By Andrew E. Kaufman, author of psychological thrillers
I’m reaching a point in my current manuscript where I feel as though I’m starting to get a handle on things.
Well, that’s a relative term.
One never truly has a handle on things when one suffers from what is known as Not Good Enough Syndrome. You may have heard of this affliction. It’s non-specific, widely undocumented, and for the most part, difficult to diagnose.
Symptoms may include:
- Self doubt
- Second-guessing everything.
- Not liking anything.
- Lack of inspiration, ideas, or sanity.
- Isolated episodes of global panic (with intermittent aspirations of world-building).
- Private, self-contained tantrums, which can range in severity.
And there are subcategories, and of course, I have a few of those as well. Currently I’m in the throes of, There Aren’t Enough Damned Twists in this Book! (Yes! There is an actual exclamation point at the end! A demarcation of severity!)
Here are how my symptoms express themselves: If you have a thriller, then you’ve got to have twists. The problem—at least for me—is they never come easily. Hard as I try, I’m never able to simply think those up. Usually, they must arrive on their own terms. What this means is, there’s a lot of waiting. Some non-secular praying to nobody in particular. Perhaps what might even resemble a highly specialized, ancient ritual (translation: A lot of stomping and often loud, nonverbal communication).
This is my process, and as weird as it might be, and as hard as I’ve tried to change it, I’ve come to accept that I can’t. In some ways, I suppose, this has benefits, because it doesn’t often allow me the luxury of resting on my laurels—that’s another condition known as, Good Enough Syndrome (or in the layman’s vernacular, Just Plain Lazy).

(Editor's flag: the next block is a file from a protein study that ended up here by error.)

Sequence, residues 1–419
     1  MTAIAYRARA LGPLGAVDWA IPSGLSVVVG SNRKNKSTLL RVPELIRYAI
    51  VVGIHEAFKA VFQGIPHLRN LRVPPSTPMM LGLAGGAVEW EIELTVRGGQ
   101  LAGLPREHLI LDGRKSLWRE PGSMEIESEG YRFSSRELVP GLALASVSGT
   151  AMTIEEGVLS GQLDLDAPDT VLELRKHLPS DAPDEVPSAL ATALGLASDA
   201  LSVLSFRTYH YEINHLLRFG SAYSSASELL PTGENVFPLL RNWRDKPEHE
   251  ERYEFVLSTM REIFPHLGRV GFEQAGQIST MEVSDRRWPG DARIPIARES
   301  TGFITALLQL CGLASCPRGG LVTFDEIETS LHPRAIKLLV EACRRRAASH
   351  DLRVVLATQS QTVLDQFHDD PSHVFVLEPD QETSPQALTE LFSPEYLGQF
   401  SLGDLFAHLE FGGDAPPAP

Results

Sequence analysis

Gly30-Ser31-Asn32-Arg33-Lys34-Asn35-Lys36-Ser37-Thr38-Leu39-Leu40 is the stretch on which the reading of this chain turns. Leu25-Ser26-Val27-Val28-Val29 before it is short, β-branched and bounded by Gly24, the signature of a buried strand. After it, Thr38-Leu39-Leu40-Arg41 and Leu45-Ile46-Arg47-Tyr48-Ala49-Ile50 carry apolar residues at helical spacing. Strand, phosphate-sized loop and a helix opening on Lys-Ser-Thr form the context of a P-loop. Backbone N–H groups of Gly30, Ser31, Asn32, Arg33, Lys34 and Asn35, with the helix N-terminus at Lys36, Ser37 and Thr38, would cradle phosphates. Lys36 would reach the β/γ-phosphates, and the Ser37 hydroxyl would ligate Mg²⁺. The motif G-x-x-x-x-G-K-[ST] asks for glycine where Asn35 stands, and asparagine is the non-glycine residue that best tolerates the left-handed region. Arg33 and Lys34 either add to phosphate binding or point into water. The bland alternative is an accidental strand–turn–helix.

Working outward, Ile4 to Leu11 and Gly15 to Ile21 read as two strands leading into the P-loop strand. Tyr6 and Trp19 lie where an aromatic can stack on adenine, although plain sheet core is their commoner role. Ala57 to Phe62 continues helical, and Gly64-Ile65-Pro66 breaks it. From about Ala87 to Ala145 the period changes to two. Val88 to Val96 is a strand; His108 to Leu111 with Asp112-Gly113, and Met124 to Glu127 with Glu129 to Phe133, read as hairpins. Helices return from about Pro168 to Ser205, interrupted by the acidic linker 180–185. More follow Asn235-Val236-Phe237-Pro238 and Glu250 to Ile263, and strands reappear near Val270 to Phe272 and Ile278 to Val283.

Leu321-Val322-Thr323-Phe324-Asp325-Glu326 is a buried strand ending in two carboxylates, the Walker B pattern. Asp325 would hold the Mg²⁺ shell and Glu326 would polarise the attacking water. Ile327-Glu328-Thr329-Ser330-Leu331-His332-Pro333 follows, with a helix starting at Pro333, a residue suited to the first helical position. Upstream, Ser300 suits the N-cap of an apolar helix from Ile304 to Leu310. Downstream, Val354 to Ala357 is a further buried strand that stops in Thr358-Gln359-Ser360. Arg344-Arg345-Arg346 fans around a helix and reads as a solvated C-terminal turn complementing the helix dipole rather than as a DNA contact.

So, what’s the prognosis? The treatment? How does one manage such seemingly unmanageable symptoms? After years of intensive study and observation, I’ve found a few tactics. Just in case you, or someone you love, suffers, I’ll share my detailed and highly non-scientific findings:
- Allow the ideas and words to come, and DON’T PANIC when they won’t—they will. They always do.
- Know that the harder the struggle (and if you don’t give up) the better the work.
- Never (Never!) compare your work to someone else’s. You are not them, and they are not you. Doing this will only take you to the Dark Place. I’ve been there. Trust me, It’s ugly.
- Exercise will clear the cobwebs and help hasten the muse.
- Externalizing your thought process is like breathing fresh air. It can be as easy has having someone sit and listen while you ramble on.
- Music can stir the emotions and ignite ideas in ways few other things can.
- Understand that anxiety will distort things and take you to Crazy Town. Another ugly place.
- When you’ve reached a clear impasse, it’s time to stop.
- Don’t forget why you write.
Onward, brave soldiers.